Subject: File No. s7-12-18
From: Tom Arnold

June 23, 2018


1. How do you pick funds? What information do you want to know when you make an investment in a fund? What publications or websites do you review? What tools, online or otherwise, do you use? Do you look at the SECs website?
I want to know the manager, the investment strategy, expenses, maximum historic drawdown and fund size. For active strategies, performance history vs. benchmark. For asset classes, correlations with other major asset classes. The best source of information is Morningstar, but Yahoo is good too if you know where to look for info. I wouldnt dream of consulting the SEC website.

2. Do you read current fund disclosure documents? Do you understand them? Is there information you do not receive from the fund that you would like to get?
They are just boilerplate. I occasionally look up the expense table, but otherwise a legal (not informative) document.

3. How well do current fund disclosures (such as a summary prospectus, prospectus, or shareholder report) help you pick an investment? Is it easy to compare different funds? Are there technology-based tools that could make fund comparisons easier? What helpful features do those tools have?
They dont, except that the provide data scraped by providers like Morningstar to populate their sites. Its far easier to compare funds on Yahoo or Morningstar, which select relevant information, than wade through SEC-mandated documents.

4. Do you use the advice of a financial professional? Does a financial professional's help affect whether and how you use fund disclosures?
There is no way I would take advice from most of the financial professionals I know.


5. How do you prefer to receive communications about fund investments? For example, do you prefer mail delivery, email, website availability, mobile applications, or a combination?
Website availability is fine. I occasionally look at iShares or Vanguards mobile apps, but theyre only a useful shortcut. I throw away any mail and have learned to ignore email from fund managers.

6. What types of fund information do you prefer to access electronically? What types of fund information do you prefer to receive in paper? Are there other wayssuch as by video or audio, you would like to receive fund information?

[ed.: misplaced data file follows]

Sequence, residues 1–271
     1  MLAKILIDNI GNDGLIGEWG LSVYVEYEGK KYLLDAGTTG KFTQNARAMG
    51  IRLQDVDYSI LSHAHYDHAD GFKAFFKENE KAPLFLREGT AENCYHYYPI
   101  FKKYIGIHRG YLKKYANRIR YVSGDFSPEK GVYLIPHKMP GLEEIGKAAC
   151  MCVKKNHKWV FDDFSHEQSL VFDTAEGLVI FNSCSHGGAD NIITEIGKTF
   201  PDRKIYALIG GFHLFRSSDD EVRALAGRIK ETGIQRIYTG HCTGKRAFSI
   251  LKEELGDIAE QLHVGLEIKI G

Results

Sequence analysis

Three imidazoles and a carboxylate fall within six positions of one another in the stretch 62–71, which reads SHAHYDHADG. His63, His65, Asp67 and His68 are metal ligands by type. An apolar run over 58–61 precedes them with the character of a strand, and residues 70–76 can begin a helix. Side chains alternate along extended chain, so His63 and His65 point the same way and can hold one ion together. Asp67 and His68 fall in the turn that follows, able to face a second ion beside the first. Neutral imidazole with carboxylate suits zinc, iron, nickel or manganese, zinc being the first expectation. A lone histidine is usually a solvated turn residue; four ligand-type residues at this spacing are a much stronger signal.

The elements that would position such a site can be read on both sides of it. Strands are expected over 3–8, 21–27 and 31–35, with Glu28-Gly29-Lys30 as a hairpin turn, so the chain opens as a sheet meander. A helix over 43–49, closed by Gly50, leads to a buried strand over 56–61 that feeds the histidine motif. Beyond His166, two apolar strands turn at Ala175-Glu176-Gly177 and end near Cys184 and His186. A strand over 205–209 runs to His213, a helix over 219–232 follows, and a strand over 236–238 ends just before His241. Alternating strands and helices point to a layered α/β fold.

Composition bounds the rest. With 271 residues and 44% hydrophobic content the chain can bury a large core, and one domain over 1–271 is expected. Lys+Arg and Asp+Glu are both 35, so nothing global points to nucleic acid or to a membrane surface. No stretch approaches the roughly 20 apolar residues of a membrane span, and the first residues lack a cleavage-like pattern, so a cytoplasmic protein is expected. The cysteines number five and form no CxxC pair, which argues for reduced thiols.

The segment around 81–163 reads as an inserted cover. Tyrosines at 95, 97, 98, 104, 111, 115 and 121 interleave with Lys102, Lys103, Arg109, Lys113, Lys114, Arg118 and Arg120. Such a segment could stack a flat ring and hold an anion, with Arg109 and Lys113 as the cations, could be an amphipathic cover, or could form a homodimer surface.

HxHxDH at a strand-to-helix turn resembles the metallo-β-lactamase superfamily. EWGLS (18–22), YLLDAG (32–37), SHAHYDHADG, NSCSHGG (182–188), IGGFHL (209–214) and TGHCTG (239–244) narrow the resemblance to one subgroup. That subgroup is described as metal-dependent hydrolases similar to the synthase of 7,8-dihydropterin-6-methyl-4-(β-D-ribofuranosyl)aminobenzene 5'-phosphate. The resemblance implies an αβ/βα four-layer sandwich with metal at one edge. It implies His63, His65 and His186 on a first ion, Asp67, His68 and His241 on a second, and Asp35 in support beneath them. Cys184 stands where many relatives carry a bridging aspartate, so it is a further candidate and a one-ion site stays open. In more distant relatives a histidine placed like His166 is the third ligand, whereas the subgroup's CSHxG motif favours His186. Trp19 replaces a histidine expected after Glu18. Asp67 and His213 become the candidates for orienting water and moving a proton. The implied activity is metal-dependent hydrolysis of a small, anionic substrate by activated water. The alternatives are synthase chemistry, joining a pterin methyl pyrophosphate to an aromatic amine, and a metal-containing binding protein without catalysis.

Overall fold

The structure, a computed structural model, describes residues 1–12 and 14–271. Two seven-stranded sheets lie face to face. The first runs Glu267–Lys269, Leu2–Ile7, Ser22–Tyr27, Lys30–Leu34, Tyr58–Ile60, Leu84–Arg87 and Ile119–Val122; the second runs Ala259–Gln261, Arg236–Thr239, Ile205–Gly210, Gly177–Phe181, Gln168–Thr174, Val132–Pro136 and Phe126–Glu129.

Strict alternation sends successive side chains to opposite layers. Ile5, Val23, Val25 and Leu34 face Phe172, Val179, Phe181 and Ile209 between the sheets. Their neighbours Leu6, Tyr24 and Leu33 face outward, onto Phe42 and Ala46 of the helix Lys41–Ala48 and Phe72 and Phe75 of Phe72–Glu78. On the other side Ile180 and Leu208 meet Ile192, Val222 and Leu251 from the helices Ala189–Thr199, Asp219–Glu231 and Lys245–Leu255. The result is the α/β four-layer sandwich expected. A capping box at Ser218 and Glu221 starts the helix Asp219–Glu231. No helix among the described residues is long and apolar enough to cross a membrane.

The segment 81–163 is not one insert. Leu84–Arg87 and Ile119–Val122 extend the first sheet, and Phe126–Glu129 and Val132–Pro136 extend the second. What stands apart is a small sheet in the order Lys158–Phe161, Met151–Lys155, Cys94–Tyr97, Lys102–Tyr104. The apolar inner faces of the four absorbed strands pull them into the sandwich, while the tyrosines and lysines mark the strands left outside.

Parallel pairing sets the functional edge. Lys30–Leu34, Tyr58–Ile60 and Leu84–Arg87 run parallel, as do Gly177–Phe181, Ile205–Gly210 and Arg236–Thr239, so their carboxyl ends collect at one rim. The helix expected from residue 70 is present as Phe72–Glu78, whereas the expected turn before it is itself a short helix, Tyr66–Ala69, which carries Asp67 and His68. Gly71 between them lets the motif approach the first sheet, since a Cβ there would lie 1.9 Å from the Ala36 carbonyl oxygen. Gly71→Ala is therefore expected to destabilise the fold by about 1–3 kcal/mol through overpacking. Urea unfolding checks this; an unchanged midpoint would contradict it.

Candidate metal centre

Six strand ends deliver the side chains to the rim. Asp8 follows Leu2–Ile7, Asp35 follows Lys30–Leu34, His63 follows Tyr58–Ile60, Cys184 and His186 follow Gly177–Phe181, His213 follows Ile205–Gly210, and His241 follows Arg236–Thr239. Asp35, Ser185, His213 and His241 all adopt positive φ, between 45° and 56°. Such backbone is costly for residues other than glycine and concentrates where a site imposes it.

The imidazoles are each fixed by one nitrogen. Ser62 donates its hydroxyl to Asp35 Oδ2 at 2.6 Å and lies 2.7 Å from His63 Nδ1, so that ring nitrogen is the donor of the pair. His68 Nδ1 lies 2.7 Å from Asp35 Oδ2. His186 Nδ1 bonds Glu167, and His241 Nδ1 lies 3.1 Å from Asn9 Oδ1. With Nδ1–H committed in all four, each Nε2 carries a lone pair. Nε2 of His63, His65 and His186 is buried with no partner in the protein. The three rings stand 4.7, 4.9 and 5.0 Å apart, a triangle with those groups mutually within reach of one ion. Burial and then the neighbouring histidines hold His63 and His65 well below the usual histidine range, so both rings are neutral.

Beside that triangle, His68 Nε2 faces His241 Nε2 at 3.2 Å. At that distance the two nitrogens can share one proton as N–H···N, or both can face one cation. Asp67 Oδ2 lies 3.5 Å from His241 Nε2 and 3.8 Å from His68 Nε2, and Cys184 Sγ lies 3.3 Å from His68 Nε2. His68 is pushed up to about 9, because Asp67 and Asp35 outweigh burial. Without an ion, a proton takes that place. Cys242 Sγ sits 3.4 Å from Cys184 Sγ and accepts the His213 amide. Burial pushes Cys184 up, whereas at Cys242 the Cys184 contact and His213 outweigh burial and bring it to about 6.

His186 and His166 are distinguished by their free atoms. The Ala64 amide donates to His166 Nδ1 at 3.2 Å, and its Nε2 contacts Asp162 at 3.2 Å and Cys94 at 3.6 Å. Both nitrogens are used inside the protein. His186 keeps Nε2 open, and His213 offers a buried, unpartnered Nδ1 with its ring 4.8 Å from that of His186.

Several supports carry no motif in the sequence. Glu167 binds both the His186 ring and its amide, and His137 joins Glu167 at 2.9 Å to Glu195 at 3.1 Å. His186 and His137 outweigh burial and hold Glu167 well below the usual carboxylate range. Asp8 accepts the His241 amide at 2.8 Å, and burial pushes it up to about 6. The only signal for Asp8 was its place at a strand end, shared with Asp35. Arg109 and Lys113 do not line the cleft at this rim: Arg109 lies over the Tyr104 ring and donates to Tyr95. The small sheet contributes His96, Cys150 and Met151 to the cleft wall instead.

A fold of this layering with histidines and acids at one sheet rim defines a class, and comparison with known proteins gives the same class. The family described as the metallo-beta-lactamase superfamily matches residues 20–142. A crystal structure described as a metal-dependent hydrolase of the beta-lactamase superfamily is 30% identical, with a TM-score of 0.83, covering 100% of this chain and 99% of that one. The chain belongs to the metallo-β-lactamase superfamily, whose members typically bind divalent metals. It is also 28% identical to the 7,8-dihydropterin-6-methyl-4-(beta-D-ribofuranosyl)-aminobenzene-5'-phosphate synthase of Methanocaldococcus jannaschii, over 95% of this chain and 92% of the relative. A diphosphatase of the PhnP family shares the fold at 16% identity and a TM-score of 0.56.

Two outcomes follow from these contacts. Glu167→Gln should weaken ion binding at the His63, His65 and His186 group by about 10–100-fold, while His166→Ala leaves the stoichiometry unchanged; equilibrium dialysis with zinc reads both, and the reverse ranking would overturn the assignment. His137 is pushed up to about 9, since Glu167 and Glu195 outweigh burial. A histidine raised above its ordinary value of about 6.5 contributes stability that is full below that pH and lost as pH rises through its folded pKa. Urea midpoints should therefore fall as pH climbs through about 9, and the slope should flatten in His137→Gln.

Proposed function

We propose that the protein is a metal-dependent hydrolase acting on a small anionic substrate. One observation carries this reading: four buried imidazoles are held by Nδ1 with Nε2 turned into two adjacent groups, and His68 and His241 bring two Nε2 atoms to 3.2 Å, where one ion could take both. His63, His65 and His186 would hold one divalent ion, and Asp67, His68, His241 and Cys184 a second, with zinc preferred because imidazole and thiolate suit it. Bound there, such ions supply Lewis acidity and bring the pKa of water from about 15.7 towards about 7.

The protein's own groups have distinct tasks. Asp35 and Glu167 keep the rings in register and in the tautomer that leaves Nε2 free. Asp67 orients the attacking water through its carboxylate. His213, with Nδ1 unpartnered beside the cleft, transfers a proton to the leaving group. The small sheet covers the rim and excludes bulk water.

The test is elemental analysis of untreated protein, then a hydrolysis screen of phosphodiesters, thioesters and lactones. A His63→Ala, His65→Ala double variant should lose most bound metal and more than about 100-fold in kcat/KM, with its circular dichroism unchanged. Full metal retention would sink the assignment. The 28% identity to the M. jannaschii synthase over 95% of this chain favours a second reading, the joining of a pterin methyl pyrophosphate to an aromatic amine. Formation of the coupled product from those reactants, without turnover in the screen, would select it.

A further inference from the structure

Websites work

7. How can the SEC better use technology and communication tools to help investors focus on important fund information?
Stop mandating reams of useless paper that any sensible investor ignores


8. Is there too much technical writing in fund disclosure? Would you prefer more tables, charts, and graphs? Would these graphic displayes be in addition to, or in place of, text-heavy disclosures?
Dont care between texts or graphs. Its the level of absurd minutiae thats excruciating, however its presented.

9. Do you prefer to receive shorter 'Summary' disclosures, with additional information available online or upon request?
Shorter is better.

10. Should fund disclosures be more personalized? For example, should disclosures show the amount of fees you paid or your actual investment returns? If so, how?
No, its too complicated.


11. Do fund disclosures make the fund's strategies and the level of risk clear? How can funds improve these disclosures? Would a risk rating, such as a numerical or graphical measure of risk, be helpful?
I personally dont find it helpful, but a risk rating such as the ones on Vanguards website might help some investors. I personally find it simplistic and overly conservative.

12. Fund fees and expenses can significantly affect a fund's investment returns over time. Do you think funds clearly disclose their fees and expenses? How could funds improve the disclosure of fees and expenses? Would a comparison of your funds fees against other funds fees help?
A graphic illustration of how expenses compare to other funds with the same benchmark would be a shortcut. It should include, not exclude, index funds.

One problem with illustrating costs is the SECs mandated expense disclosure for ETFs is horrible. Doesnt capture externalized trading costs.

13. Do you consider the past performance of a fund when making an investment decision? How could we improve the presentation of performance information?
Yes, but only to get a sense of correlation with benchmark and risk of strategy. Would be beneficial to have funds report some measure of average benchmark deviation (active risk).


14. Aside from this questionnaire, are there other ways the SEC can engage with investors, like you, on key topics? Is there anything else you would like to tell us?